Now Pete's talking about his generation of income
Veteran guitarist gives Apple a lecture about why it shouldn't 'bleed' musicians for profit
With his trademark windmilling strumming arm, penchant for smashing up expensive guitars on stage and pioneering love of rock opera, Pete Townshend has had little regard for the conventions of the music industry during his 50-year career.
Last night the Who veteran broke ranks to take on the business's most powerful player, accusing Apple's iTunes of being a "digital vampire" that is "bleeding" musicians for commission rather than nurturing new talent.
Giving the inaugural BBC 6 Music John Peel Lecture, the guitarist drew parallels between the industry and banks and urged Apple to act more like a traditional publishing and record company in its support of emerging artists. He said: "Now is there really any good reason why, just because iTunes exists in the wild west internet land of Facebook and Twitter, it can't provide some aspect of these services to the artists whose work it bleeds like a digital vampire Northern Rock for its enormous commission?"
The musician urged Apple, whose products he said he admired, to employ 20 talent scouts to spot future stars from the "dying record business". He called for iTunes to provide free computers, music software and training to 500 artists a year and give them bandwidth to showcase their talent. "It will sting, but do it," he told an audience of radio executives in Salford.
Townshend, 66, also called on the company to help artists protect copyright and provide marketing support and assistance in creating physical products. Paying tribute to John Peel, who championed new music until his sudden death in 2004, he said digital music providers could learn from the late DJ's passion for new music.
"That is where we must be going. Musicians need to be heard, to be judged, if possible to be paid, but also allowed to believe they had more than a single chance to get a hit. Software systems that offer this model will survive and prevail – loved and embraced by musicians of every sort – whatever happens financially," he said.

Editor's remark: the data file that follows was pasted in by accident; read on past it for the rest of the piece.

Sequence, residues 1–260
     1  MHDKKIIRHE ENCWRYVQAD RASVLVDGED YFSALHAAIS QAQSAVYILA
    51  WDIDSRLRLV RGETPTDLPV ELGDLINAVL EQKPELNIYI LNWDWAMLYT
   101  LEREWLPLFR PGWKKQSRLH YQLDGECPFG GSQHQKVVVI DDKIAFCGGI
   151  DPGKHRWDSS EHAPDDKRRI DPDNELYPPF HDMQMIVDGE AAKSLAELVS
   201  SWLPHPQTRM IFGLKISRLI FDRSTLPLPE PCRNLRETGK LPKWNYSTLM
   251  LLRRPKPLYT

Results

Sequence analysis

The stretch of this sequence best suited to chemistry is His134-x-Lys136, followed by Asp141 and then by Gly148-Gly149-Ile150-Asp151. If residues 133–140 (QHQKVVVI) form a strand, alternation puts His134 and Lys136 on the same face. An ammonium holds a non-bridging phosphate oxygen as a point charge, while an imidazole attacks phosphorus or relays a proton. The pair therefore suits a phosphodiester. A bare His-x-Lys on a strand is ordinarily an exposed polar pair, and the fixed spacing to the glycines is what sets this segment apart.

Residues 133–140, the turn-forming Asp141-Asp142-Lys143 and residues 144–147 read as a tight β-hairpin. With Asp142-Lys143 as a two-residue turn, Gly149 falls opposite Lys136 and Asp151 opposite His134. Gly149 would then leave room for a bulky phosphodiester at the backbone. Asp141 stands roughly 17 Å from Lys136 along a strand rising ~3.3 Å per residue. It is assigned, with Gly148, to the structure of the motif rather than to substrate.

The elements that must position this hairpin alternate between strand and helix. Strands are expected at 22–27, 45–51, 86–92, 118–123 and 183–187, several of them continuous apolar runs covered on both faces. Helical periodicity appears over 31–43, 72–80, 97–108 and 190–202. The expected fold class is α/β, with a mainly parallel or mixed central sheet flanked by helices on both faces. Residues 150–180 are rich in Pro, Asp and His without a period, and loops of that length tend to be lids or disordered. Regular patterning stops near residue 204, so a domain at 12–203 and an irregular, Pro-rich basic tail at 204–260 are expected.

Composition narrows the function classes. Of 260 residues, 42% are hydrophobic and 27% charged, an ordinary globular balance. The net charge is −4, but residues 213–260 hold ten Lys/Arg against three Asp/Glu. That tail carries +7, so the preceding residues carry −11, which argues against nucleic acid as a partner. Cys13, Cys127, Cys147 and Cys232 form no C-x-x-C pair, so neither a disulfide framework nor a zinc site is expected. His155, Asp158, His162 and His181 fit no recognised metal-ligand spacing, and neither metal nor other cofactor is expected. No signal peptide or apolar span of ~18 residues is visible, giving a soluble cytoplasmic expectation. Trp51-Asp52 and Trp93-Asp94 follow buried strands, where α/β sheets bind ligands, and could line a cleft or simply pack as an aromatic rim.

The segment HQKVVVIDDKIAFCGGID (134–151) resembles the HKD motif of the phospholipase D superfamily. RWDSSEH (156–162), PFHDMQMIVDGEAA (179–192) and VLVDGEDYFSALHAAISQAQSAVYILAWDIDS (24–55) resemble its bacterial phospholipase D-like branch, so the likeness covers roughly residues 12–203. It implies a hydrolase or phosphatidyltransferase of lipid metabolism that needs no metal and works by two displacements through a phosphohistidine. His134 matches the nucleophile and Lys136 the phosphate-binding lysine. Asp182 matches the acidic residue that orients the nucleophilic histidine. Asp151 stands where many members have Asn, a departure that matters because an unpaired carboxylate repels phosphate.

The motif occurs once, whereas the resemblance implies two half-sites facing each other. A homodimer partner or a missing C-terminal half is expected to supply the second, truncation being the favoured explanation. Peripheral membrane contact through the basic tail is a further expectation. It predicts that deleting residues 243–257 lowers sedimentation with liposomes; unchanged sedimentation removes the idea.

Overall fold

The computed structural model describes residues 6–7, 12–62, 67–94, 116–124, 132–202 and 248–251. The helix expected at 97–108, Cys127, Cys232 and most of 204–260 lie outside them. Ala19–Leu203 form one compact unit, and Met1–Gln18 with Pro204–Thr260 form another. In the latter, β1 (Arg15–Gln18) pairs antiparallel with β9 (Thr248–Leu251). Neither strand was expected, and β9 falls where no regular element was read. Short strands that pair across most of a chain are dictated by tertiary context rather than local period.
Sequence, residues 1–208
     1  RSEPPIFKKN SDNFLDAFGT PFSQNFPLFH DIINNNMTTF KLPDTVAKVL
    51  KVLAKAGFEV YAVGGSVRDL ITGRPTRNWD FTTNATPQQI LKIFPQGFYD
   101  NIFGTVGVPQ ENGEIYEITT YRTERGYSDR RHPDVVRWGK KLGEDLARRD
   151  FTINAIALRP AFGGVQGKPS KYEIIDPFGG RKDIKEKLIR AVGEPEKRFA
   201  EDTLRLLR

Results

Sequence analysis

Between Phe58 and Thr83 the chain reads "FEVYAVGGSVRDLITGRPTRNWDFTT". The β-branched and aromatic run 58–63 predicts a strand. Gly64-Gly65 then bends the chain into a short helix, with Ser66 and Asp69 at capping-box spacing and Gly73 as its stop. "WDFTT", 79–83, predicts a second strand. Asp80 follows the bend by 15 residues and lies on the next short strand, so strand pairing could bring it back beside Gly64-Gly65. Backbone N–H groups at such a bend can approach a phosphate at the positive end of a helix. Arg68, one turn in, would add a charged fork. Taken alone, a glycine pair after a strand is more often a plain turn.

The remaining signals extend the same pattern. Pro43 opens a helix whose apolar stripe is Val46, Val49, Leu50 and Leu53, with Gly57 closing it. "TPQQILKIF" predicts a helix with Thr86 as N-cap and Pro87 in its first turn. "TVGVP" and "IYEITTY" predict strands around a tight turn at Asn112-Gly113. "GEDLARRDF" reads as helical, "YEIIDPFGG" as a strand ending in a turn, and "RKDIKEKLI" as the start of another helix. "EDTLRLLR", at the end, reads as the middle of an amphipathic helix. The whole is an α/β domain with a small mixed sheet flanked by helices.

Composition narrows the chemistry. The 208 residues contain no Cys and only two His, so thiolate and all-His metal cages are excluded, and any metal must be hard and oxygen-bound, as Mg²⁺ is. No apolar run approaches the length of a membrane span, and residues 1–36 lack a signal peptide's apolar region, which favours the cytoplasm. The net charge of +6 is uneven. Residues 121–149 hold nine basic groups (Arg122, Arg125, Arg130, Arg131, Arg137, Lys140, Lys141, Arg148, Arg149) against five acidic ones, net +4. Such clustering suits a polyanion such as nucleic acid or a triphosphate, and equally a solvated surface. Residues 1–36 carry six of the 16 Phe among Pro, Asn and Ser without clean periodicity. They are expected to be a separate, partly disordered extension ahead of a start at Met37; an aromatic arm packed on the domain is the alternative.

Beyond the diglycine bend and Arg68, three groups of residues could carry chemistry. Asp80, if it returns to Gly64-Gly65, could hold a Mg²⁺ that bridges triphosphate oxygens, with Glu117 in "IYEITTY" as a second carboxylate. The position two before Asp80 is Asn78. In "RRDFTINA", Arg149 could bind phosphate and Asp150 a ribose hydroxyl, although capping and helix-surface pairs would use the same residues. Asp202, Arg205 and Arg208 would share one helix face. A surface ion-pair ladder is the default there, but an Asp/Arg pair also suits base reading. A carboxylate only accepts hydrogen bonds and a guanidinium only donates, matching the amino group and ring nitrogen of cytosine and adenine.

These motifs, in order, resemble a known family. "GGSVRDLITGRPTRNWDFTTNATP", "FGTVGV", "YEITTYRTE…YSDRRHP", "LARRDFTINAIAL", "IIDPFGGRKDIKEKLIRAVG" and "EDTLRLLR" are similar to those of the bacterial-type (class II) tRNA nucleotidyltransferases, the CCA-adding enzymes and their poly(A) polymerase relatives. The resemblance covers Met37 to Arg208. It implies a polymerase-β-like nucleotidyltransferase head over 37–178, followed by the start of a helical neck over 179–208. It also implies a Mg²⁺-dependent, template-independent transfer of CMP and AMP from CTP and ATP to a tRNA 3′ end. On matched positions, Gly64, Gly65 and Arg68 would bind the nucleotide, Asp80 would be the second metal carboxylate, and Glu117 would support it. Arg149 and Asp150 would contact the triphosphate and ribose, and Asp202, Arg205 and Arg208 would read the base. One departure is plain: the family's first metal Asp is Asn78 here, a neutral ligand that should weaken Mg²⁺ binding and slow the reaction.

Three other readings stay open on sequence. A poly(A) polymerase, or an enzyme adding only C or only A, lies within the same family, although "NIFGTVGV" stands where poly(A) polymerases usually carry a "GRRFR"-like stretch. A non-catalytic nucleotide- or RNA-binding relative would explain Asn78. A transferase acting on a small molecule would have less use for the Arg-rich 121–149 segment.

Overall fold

Since launching iTunes in 2001, Apple has become the single biggest player in the global music industry. In the summer it briefly became the world's biggest company, with a market capitalisation of $337bn.
In the UK, physical formats have seen a remorseless decline in sales – with CD sales falling a further 12.4 per cent last year. Meanwhile digital downloads have grown dramatically, now accounting for 98 per cent of the UK singles market. Although there are 70 legal digital music services available in the UK, Apple is estimated to account for 85 per cent of all digital sales. Apple declined to comment on the lecture.
Townshend also admitted having contradictory feelings towards Apple founder Steve Jobs, who died last month. "I seem to remember that once in an interview I let my artist out of the box for a minute too long and he said he wanted to cut Jobs's balls off," he said, before adding: "My inner artist is a bit of an ageing Mod you see. He really thinks the late Steve Jobs was one of the coolest guys on the planet: loved his black outfits, look at my red Vespa ... etc. Irrational."
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